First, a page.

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Evaluating North Atlantic past ocean-atmosphere coupling by analysing and synchronising marine and terrestrial proxy archives using tephra

   Department of Geography

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  Dr Celia Martin Puertas, Prof Simon Blockley, Dr Paola Moffa Sanchez  No more applications being accepted  Competition Funded PhD Project (UK Students Only)

About the Project

Ocean-atmosphere coupling is one of the major concepts of climate dynamics as it is essential for predicting properties of different modes and time-scales of climate variability under global warming. Thus, detailed understanding of ocean-atmosphere interactions is of great societal importance as it offers information for climate adaptation and resilience. The subpolar North Atlantic is a key region to study the ocean-atmosphere coupling because it is the location where heat exchange between the ocean and the atmosphere happens driving deep water formation and ocean circulation but also the formation of sea ice that modulates the albedo feedback and atmospheric circulation eventually. The North Atlantic has shown large multidecadal temperature shifts during the twentieth century, and there is ongoing debate about whether this variability arises primarily through the influence of atmospheric internal variability, through changes in ocean circulation, or as a response to anthropogenic forcing.

Evaluating the interaction between ocean and atmospheric dynamics in the proxy record allows the identification of the natural component of the coupling but improvements in this subject require integrated regional studies including marine and terrestrial archives to address potential leads and lags on interactions and responses in the ocean and atmosphere.  Tephrochronology is a unique method for connecting, synchronising and integrating individual archive by age equivalence, avoiding any kind of wiggle matching of proxy data. The key principle for using tephra as stratigraphic markers and isochrons is that they can be erupted and deposited effectively instantaneously (from hours to months), even in marine and lake sediments. In particular, the identification of non-visible, distal tephras (cryptotephras) deposited in sediment records have allowed linking of sequences at distances of hundreds to several thousands of kilometres from the source, greatly extending their known geographical limits.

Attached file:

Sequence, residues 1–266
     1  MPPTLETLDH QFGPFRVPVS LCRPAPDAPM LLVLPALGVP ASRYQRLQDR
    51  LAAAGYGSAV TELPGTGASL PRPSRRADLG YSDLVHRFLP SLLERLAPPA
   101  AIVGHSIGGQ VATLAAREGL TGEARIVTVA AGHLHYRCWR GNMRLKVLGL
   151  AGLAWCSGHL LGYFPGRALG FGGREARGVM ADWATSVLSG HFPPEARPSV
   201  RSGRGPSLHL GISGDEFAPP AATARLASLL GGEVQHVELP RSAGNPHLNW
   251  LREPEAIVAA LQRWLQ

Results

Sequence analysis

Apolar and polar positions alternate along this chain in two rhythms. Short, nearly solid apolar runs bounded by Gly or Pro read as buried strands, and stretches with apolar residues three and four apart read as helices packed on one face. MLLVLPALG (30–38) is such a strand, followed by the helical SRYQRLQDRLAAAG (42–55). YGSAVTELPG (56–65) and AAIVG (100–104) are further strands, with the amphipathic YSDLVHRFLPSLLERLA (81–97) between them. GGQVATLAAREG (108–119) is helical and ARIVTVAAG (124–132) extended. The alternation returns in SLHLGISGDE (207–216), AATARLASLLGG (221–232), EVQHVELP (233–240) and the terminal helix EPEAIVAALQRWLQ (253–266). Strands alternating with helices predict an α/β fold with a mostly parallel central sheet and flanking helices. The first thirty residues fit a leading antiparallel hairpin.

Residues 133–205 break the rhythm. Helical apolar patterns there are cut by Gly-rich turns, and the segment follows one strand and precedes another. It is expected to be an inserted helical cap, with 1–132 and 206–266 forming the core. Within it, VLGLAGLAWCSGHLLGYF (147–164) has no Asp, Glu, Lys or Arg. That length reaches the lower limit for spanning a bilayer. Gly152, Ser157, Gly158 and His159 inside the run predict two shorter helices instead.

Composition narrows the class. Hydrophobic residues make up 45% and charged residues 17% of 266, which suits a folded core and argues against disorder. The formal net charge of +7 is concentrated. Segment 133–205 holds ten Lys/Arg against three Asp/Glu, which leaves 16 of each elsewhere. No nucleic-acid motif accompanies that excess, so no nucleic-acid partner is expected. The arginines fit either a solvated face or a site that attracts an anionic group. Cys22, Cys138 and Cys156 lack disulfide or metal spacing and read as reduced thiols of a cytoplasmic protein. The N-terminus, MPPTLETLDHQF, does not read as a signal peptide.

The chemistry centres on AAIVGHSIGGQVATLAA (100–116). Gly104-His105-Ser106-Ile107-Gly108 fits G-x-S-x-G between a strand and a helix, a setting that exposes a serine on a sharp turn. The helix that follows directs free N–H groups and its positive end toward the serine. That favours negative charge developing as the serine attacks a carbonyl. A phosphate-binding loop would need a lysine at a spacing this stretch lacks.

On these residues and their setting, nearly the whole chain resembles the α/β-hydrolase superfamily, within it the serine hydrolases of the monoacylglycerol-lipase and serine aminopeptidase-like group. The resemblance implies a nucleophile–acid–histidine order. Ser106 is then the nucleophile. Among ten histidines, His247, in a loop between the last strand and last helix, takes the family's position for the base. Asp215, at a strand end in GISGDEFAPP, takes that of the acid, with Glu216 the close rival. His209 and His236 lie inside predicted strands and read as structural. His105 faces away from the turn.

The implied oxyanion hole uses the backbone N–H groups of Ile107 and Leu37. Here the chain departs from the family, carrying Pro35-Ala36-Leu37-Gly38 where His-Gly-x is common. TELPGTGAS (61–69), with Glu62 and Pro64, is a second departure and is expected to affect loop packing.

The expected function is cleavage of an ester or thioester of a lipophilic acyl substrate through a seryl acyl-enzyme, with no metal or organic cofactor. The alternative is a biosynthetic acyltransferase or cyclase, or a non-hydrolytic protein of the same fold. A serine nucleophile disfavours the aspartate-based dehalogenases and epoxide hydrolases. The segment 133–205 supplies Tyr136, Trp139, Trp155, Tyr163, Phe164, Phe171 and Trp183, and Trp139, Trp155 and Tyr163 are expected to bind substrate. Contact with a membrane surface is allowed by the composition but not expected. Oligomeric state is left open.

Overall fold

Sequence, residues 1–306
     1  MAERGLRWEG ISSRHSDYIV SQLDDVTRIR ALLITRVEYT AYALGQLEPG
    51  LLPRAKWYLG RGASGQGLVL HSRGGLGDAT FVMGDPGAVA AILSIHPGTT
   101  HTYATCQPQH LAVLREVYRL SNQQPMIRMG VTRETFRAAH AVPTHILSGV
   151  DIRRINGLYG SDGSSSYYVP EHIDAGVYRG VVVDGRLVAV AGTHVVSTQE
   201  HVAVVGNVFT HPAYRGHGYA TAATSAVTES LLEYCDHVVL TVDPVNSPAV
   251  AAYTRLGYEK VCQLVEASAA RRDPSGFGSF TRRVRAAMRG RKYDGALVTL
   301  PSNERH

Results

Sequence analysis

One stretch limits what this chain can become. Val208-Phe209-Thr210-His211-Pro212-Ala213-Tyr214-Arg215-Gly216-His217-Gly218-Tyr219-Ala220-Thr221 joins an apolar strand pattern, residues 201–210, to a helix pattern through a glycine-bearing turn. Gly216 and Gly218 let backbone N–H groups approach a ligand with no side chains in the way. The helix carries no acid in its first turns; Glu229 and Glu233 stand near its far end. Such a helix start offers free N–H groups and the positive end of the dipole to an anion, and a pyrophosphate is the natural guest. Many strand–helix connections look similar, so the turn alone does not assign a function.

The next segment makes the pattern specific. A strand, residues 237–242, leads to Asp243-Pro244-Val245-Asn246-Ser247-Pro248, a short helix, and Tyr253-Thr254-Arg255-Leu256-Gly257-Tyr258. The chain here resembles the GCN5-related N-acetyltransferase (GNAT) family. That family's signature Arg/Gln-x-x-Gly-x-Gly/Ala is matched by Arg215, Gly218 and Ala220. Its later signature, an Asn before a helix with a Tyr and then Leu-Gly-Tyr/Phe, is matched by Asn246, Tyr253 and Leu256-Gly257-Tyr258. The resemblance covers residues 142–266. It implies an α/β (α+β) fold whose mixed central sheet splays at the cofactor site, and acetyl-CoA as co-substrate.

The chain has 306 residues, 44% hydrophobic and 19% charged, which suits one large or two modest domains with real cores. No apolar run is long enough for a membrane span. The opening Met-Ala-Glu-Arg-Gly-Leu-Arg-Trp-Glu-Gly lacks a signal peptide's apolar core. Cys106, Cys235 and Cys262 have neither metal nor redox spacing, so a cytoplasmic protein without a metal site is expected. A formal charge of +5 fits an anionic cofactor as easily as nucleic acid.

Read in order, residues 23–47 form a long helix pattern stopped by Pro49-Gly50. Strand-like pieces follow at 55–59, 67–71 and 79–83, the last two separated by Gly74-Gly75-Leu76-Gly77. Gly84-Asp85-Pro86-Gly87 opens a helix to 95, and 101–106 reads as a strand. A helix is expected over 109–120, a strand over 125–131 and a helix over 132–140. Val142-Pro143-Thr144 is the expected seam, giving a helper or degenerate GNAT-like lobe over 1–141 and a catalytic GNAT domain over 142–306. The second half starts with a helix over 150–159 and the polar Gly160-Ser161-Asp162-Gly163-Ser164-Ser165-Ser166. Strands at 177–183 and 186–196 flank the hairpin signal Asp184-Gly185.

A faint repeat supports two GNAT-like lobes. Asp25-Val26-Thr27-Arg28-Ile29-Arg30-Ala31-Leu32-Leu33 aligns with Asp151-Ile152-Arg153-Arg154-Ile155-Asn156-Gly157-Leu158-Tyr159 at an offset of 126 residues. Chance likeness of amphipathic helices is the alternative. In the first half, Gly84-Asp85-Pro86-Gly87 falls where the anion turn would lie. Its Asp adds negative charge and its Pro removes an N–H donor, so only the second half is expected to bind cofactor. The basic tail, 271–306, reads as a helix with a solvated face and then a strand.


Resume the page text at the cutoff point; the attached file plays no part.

This PhD project aims to evaluate multidecadal variability over the subpolar North Atlantic in the proxy record with special emphasis in the last six thousand years, when the current configuration of the Earth’s climate system was established. The candidate will work with geochemical data from both lake and marine records to develop regional palaeoclimate reconstructions and apply a tephrostratigraphic approach to link high-resolution Holocene lake records from Greenland and marine cores in the East Greenland coast

Research objectives are to:

(1)   Reconstruct decadal ocean-atmosphere variability in Greenland combining marine and terrestrial records.

(2)   Develop improved chronologies combining different dating methods such as radiocarbon dates and tephrochronology into age-depth Bayesian models

(3)   Synchronise terrestrial and marine records using tephra horizons.

(4)   Improve understanding of ocean-atmosphere interactions and its variability across the Holocene.

During this project, the candidate will be trained in palaeoclimatology, tephrochronology, geochronology, data analysis and statistical modelling methods.

Policy Impact of Research:

This research might contribute to improved decadal climate forecast with implications for agriculture, energy security and environmental risks.

To apply follow link and instructions at

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